What About Renting out a Condo?


I’m glad you asked! I’ve done this as well with my husband and found some great benefits to renting out a condo versus a house. First of all, a condo is usually easier to maintain. There are no sidewalks to shovel, no lawns to mow, weeds to control or gutters to clean. Condo buildings are usually well lit and locked so people living alone often feel more secure living in a condo than a house.

Other pluses? You don’t have to worry about the furnace conking out on you on a cold winter night because the heating in a condo building is usually done by large boiler units which you’re not personally responsible for. If you want to go somewhere, you simply lock up your unit and leave.

There are some drawbacks to condo living though. It’s hard to entertain more than a couple guests in a condo at a time due to space restrictions and you need to ensure that you’re not too noisy and disrupting the neighbors. Some condos are noisier than others, depending on what materials are used for their construction.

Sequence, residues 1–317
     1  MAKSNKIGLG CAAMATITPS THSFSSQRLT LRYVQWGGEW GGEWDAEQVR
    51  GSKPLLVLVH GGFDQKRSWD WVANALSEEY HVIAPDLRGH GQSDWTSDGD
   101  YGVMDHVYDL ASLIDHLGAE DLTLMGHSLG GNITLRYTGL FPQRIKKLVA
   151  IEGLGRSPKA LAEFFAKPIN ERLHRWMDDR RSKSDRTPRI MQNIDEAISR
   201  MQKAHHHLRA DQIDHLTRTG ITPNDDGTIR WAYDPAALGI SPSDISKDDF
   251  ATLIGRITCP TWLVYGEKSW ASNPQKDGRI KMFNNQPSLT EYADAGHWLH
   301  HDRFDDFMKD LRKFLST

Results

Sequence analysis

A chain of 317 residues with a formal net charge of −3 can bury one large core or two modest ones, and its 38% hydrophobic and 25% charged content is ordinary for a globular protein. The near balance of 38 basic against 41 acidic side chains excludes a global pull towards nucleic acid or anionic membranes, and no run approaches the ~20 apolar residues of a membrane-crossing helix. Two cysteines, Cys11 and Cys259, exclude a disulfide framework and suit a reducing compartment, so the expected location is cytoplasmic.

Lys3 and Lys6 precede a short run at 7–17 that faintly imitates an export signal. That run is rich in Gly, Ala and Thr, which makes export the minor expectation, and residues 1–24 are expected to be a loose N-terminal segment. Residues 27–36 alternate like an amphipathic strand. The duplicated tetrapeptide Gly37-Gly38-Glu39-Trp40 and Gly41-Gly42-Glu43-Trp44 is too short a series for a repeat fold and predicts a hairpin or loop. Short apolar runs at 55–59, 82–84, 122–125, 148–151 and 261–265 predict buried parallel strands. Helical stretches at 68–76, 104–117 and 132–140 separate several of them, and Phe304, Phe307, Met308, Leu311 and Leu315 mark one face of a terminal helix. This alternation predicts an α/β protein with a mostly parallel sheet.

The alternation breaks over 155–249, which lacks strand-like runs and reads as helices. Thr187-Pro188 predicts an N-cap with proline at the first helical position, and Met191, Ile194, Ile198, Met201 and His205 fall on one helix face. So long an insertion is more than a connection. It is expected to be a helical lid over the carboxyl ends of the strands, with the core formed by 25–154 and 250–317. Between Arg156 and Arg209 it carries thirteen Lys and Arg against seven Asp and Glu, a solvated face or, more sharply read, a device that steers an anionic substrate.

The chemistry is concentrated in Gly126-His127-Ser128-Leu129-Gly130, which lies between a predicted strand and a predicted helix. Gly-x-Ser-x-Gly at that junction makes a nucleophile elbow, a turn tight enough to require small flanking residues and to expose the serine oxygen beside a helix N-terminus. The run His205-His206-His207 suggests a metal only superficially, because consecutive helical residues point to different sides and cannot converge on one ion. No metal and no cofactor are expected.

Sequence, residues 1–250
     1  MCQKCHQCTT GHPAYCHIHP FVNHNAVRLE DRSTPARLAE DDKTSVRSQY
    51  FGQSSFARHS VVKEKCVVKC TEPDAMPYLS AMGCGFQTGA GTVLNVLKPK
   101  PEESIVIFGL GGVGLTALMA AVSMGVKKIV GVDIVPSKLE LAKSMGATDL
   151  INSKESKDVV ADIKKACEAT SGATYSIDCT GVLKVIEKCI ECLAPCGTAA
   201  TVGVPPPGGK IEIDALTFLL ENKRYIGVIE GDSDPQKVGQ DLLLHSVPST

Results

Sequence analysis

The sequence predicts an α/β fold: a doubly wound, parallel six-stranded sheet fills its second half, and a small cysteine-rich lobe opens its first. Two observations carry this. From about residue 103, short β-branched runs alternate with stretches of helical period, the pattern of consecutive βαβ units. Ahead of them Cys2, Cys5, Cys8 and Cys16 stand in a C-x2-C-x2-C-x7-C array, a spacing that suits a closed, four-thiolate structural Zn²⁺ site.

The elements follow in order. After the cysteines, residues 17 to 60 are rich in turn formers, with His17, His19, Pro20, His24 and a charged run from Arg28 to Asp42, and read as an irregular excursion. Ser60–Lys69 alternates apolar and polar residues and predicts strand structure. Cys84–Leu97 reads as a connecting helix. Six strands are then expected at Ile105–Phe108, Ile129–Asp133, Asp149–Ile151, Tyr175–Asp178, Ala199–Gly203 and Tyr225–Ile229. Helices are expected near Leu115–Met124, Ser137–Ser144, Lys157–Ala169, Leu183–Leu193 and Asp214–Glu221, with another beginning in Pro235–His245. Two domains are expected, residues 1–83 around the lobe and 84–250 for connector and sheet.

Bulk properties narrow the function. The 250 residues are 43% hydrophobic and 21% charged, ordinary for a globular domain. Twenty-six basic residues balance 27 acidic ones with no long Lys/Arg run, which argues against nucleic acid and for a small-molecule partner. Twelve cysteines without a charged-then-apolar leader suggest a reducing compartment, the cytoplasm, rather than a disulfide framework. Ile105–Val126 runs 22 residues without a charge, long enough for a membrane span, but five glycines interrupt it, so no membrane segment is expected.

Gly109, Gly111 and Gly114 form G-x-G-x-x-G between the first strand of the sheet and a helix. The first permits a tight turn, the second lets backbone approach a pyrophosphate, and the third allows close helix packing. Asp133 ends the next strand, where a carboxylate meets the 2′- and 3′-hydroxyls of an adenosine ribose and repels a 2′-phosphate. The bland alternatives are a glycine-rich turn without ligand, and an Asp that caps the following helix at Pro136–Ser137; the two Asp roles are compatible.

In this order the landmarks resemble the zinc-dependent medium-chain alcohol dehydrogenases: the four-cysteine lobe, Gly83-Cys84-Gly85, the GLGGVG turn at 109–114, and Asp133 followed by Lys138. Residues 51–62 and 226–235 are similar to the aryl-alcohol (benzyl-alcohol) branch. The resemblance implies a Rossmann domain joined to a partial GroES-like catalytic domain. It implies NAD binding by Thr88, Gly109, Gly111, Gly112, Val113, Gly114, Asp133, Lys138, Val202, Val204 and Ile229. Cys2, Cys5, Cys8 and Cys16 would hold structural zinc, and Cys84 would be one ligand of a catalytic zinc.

Food odors wafting from other units can also be an annoyance for some people. Certain pets may or may not be allowed, depending on the policy set by the condo board. Parking is often very limited (we had just one parking stall with our unit).

Storage is usually extremely limited and storage of bicycles on patios may not be allowed. Laundry facilities may be shared on each floor or by the entire building and may be coin-operated. Ideally, it’s great to have in-suite laundry as this is something tenants look for.


But I Hate the Idea of Paying Condo Fees!